Reaching out to a senior civil servant in the course of this piece, the official confirmed that Pristine Consulting had put in the best bid by a mile, even offering to train young Gambian I.T graduates into fully fledge Microsoft engineers among others. He expresses frustration at the manner …(). A telephone call to Pristine Consulting’s offices for details, a company employee did corroborate details, in fact, going on to say they were willing to train hundredths of young graduates, and to offer jobs and internships, as a Gambian company doing its fair share towards national development. When the writer placed a similar call to Semlex’s offices in Brussels asking questions, the only answer was ‘’no comment’’, before banging down the phone.
I will go on to add that, even had there not being a suitable Gambian firm to implement such an ambitious project, any wise government will invest in getting local I.T firms trained in implementing such solutions ensuring that national security details remain in safe hands. Take the case of ‘Morpho’, a French company that implemented biometrics projects in several francophone countries. The Paris government did invest in the company making sure the security needs of France are in safe hands. This is what I mean by foresight and vision – simply, looking ahead into the distant far ahead to the future. In a globalised world of technological advances, where conventional warfare has receded, information war has taken over posing major national security challenges to nation-states. Today, China, U.S, Senegal, Ghana and others dedicate large sums of their budget on cyber security.
In a recent interview, I was pleased to hear the president reaffirm that ‘government is about process’ in which every sector making up the ‘machinery’ has specific roles to play’. To that end, here is Boor Sine again, ’Consult [experienced] civil servants to research on projects before signing any deals. Otherwise the sweat & tears of the nation shall haunt your legacy’. And do let me interject in that another Commission of Inquiry is of vital necessity post-Barrow presidency. The leadership continues to preach that it cares, out to serve the national interest; yet time-after-time government is found wanting when it matters most. I urge him to challenge his ministers, governors and the entire civil service stream to level up & deliver as expected of each & everyone.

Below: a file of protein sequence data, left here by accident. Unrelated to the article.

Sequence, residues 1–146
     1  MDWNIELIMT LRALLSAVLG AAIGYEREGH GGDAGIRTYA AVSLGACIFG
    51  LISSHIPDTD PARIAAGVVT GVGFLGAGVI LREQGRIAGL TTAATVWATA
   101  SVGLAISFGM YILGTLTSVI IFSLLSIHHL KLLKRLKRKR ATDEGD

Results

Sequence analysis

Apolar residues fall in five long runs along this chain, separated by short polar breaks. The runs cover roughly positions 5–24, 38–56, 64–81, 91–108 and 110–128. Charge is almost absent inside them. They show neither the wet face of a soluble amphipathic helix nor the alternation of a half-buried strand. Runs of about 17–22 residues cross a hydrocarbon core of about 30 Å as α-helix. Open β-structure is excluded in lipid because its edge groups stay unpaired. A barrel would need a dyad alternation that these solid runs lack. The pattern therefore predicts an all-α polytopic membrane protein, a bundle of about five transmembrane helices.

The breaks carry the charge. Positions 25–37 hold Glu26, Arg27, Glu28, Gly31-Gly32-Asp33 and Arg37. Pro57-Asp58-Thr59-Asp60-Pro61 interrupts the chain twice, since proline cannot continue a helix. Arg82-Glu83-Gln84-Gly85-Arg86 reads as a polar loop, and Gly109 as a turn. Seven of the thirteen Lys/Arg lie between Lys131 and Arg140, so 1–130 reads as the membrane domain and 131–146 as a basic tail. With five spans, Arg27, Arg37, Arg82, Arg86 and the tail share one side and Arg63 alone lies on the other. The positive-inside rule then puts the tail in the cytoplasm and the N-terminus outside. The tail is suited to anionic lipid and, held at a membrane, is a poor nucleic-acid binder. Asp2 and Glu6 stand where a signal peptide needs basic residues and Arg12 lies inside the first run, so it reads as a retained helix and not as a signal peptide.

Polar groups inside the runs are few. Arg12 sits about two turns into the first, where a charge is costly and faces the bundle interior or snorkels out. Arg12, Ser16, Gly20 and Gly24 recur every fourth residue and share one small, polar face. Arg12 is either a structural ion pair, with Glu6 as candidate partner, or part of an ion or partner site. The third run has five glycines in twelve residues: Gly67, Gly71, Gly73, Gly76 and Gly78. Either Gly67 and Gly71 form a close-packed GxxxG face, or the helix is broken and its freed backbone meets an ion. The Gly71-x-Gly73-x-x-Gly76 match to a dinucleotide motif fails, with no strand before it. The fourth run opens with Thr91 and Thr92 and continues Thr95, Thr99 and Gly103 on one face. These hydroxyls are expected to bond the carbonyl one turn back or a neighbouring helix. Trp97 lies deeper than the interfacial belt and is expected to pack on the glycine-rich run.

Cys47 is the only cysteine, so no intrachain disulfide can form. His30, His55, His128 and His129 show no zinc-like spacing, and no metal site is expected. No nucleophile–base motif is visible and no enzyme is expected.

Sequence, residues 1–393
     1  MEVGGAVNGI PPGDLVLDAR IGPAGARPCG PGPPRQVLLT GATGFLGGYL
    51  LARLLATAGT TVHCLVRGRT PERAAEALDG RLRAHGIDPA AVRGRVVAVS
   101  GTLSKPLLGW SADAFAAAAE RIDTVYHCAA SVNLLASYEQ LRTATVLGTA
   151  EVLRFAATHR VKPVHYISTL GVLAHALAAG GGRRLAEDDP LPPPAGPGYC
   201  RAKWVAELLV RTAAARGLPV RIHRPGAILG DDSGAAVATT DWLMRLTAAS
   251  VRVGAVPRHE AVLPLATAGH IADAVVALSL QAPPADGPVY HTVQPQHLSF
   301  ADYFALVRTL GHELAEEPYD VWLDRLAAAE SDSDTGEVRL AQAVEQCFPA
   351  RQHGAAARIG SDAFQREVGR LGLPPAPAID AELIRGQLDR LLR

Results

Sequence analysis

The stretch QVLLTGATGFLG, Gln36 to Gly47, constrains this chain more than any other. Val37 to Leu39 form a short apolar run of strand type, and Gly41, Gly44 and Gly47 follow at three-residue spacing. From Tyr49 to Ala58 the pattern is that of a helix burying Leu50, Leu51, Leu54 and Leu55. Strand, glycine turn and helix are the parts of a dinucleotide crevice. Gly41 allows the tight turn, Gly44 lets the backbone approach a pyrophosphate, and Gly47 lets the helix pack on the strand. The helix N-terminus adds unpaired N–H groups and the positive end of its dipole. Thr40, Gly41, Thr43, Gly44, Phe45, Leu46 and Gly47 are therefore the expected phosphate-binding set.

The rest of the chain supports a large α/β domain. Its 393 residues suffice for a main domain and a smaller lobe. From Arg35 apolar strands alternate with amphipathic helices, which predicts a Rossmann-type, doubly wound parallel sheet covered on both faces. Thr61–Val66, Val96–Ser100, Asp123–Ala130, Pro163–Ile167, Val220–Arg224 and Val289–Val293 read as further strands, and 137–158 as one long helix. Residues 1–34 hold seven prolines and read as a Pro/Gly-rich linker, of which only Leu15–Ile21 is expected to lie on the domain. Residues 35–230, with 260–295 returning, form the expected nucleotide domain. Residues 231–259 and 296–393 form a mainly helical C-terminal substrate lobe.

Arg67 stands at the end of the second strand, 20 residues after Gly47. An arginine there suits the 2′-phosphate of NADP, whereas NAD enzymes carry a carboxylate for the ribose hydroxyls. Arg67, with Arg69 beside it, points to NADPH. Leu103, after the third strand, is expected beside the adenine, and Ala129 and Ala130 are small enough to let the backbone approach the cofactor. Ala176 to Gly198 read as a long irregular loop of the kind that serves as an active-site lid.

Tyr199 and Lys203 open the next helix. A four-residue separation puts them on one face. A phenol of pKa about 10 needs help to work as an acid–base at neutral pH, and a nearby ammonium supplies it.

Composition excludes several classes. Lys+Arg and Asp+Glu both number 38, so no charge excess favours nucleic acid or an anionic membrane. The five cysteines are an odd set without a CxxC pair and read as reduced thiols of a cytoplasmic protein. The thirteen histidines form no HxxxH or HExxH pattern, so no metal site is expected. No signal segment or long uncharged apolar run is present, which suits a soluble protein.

Why is the price of rice still constant, despite tax overtures from central government? And how many new jobs have been created since the coalition came to power? The minister for Trade, Industry and employment must shoulder the blame here. And the tourism minister is hereby reminded not to sell off all reserve lands to dodgy investors in his ear, rather, a credible & sustainable allocation policy for future generation of young entrepreneurs in the making. There is more to democracy than allowing free press. It is about observing ‘Shared Responsibilities’ and ‘Limits to Power’. But it is also about ‘Economic Justice’ where every citizen, from Kartong to Koina, feel a sense of belonging, to be given his/her fair share of the ‘National Cake’.
The new constitution under draft must reflect two very important elements. First, an independent ‘Nation Prosecution Service’, to scrutinise & assign criminal cases – away from the ‘partisan’ Justice ministry. Second, a permanent ‘Anti-Corruption Commission’ to keep oversight & watch on crooked officials, where citizens may report instances of corruption. With that, the office of the OMBUDSMAN is obsolete, a waste of tax payers millions, and should be abolished. I end to congratulate the presidency on the weekly cabinet meetings just announced; a welcome development indeed: But I still call on him to toughen up, and to be more vocal as to the direction of the country, if he truly wants to solidify & cement his status, and therefore, LEGACY.
Gibril Saine Twitter: @gibbysaine